SAP HANA: Not The Only In-Memory Game In Town - InformationWeek

InformationWeek is part of the Informa Tech Division of Informa PLC

This site is operated by a business or businesses owned by Informa PLC and all copyright resides with them.Informa PLC's registered office is 5 Howick Place, London SW1P 1WG. Registered in England and Wales. Number 8860726.

SAP HANA: Not The Only In-Memory Game In Town
Newest First  |  Oldest First  |  Threaded View
User Rank: Apprentice
10/14/2015 | 11:22:20 AM
Reliability of In-Memory is key to successful implementations
While there are great performance gains in using in-memory databases, there is a significant requirement of reliable power availability. Most of the planet does not have better than 95% power availability, and a single power outage can wipe your entire database out. Not only does the power need to be ON all the time, it also must not vary more than a given amount. A recovery from backup often results in lost transactions. So, before any in-memory database implementations take place, it is key to allocate large Power battery backup's that can shield your servers from a power loss or at least dump the database to disk drives and shut down the servers amicably. Large server farms often make use of solar and fuel based power generators backed up by huge battery banks. These add significant costs to such implementations.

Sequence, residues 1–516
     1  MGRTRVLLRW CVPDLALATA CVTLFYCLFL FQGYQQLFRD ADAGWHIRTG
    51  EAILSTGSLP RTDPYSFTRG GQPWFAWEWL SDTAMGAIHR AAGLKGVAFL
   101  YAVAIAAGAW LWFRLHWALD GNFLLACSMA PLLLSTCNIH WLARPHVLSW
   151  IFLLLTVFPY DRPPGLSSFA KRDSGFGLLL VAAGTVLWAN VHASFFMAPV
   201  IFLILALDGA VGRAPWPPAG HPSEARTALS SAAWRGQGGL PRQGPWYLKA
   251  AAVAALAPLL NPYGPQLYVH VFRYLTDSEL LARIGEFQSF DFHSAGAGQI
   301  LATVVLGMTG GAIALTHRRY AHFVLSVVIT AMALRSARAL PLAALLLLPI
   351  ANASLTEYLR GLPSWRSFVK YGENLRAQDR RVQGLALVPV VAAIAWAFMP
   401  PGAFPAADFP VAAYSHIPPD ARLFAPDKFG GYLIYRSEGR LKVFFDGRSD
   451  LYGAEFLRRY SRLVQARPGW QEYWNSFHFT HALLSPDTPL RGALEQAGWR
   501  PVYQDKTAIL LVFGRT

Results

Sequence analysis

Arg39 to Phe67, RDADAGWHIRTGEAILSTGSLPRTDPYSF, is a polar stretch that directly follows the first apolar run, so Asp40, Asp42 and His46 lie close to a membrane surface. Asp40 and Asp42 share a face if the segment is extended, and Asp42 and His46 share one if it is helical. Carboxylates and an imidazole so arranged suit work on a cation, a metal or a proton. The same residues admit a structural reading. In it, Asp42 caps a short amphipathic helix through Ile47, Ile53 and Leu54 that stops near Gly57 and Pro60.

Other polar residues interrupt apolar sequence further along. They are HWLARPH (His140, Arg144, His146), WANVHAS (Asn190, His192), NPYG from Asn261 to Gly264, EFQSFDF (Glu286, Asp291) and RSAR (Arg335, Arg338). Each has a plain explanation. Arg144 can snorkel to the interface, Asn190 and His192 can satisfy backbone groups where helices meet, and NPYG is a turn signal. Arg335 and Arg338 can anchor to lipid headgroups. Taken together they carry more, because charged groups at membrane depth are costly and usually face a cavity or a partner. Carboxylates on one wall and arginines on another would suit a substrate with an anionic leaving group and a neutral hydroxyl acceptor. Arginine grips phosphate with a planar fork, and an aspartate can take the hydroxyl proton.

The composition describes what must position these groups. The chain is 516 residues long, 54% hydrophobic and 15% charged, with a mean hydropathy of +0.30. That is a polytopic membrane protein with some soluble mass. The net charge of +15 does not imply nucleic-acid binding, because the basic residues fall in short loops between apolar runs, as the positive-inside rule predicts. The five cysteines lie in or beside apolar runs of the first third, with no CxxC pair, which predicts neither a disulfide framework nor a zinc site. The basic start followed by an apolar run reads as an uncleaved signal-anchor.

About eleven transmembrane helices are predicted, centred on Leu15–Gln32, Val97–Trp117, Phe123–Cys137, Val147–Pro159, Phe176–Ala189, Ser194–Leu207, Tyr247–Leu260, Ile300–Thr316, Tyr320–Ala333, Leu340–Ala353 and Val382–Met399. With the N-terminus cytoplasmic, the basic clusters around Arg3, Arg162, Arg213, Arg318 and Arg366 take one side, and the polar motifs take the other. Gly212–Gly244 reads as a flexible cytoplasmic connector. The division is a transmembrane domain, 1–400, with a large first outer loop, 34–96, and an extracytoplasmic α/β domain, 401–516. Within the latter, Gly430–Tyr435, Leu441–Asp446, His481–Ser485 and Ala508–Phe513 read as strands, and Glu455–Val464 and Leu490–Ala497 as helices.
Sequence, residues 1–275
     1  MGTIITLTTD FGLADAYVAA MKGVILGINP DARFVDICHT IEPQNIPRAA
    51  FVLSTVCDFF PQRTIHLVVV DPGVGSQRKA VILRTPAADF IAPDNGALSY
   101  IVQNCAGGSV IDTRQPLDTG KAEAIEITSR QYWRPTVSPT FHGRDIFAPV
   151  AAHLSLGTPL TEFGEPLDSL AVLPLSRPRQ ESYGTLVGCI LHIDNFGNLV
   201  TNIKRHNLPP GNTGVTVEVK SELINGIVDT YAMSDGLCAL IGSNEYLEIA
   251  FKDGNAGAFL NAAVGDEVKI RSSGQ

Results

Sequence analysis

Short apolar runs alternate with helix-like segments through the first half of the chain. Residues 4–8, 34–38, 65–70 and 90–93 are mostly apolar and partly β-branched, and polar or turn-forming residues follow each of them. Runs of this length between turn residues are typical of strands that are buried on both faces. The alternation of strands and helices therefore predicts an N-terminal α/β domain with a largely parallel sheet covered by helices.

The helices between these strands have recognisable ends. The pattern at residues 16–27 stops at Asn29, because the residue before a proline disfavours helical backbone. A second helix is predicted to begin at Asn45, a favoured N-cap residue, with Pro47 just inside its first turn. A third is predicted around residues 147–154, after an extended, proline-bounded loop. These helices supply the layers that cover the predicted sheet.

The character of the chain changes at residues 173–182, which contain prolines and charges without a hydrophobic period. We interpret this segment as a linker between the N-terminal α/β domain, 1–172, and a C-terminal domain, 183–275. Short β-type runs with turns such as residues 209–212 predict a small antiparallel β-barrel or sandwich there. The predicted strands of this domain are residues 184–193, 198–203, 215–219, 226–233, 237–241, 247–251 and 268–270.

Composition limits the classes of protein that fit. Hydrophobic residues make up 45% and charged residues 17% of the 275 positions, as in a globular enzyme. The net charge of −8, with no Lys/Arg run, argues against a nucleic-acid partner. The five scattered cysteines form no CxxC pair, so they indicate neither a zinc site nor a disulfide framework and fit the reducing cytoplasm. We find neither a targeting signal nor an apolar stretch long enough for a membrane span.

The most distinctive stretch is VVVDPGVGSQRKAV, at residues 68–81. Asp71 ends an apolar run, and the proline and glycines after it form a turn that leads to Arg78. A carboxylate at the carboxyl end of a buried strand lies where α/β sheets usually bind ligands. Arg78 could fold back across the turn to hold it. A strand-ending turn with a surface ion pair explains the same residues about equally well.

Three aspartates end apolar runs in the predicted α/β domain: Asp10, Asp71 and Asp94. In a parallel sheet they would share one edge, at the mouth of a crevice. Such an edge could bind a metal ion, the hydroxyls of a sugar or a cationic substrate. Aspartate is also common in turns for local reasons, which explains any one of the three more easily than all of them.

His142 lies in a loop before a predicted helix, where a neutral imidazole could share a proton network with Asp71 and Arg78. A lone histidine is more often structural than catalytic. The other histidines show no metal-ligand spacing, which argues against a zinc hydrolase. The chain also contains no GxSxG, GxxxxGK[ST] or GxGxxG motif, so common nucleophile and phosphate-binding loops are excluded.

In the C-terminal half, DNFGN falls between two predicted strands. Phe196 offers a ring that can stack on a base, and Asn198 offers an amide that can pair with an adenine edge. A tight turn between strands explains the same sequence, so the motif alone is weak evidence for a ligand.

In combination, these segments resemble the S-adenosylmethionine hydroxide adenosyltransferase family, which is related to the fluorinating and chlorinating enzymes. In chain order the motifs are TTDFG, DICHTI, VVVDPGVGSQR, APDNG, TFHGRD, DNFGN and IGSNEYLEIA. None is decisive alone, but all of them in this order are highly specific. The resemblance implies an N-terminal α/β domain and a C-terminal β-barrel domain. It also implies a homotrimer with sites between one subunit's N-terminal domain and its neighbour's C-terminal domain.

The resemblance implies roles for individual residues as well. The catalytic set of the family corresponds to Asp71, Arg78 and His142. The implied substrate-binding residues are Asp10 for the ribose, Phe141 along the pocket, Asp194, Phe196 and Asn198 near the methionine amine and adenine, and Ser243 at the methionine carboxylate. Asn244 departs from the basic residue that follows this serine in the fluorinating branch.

Blog Voyage
Blog Voyage,
User Rank: Strategist
7/6/2015 | 2:41:51 AM
Re: In-memory database started with TPF
Thanks for the precision mates !
Curt Franklin
Curt Franklin,
User Rank: Strategist
6/4/2015 | 2:07:27 PM
Re: In-memory database started with TPF
@Charlie, you're right -- "in-memory computing" is, like so much of today's enterprise computing, built on a mainframe foundation. There are a couple of big differences, though: One is the sheer size of the databases involved. The other is that, as you point out, in the 70s the in-memory architecture was all about supporting transaction speed. Today, it's as much about analytics as transactions, and that's a pretty big deal.
Charlie Babcock
Charlie Babcock,
User Rank: Author
5/28/2015 | 6:08:11 PM
In-memory database started with TPF
The original high speed, in-memory system is not a recent phenomenon but IBM's Transaction Processing Facility, or TPF, used in the first airline reservation systems to speed response times to customers. It was first fired up in 1979, or before the birth of some of today's NoSQL experts. 

The State of Cloud Computing - Fall 2020
The State of Cloud Computing - Fall 2020
Download this report to compare how cloud usage and spending patterns have changed in 2020, and how respondents think they'll evolve over the next two years.
2021 Outlook: Tackling Cloud Transformation Choices
Joao-Pierre S. Ruth, Senior Writer,  1/4/2021
Enterprise IT Leaders Face Two Paths to AI
Jessica Davis, Senior Editor, Enterprise Apps,  12/23/2020
10 IT Trends to Watch for in 2021
Cynthia Harvey, Freelance Journalist, InformationWeek,  12/22/2020
Register for InformationWeek Newsletters
Current Issue
2021 Top Enterprise IT Trends
We've identified the key trends that are poised to impact the IT landscape in 2021. Find out why they're important and how they will affect you.
White Papers
Twitter Feed
Sponsored Live Streaming Video
Everything You've Been Told About Mobility Is Wrong
Attend this video symposium with Sean Wisdom, Global Director of Mobility Solutions, and learn about how you can harness powerful new products to mobilize your business potential.
Sponsored Video
Flash Poll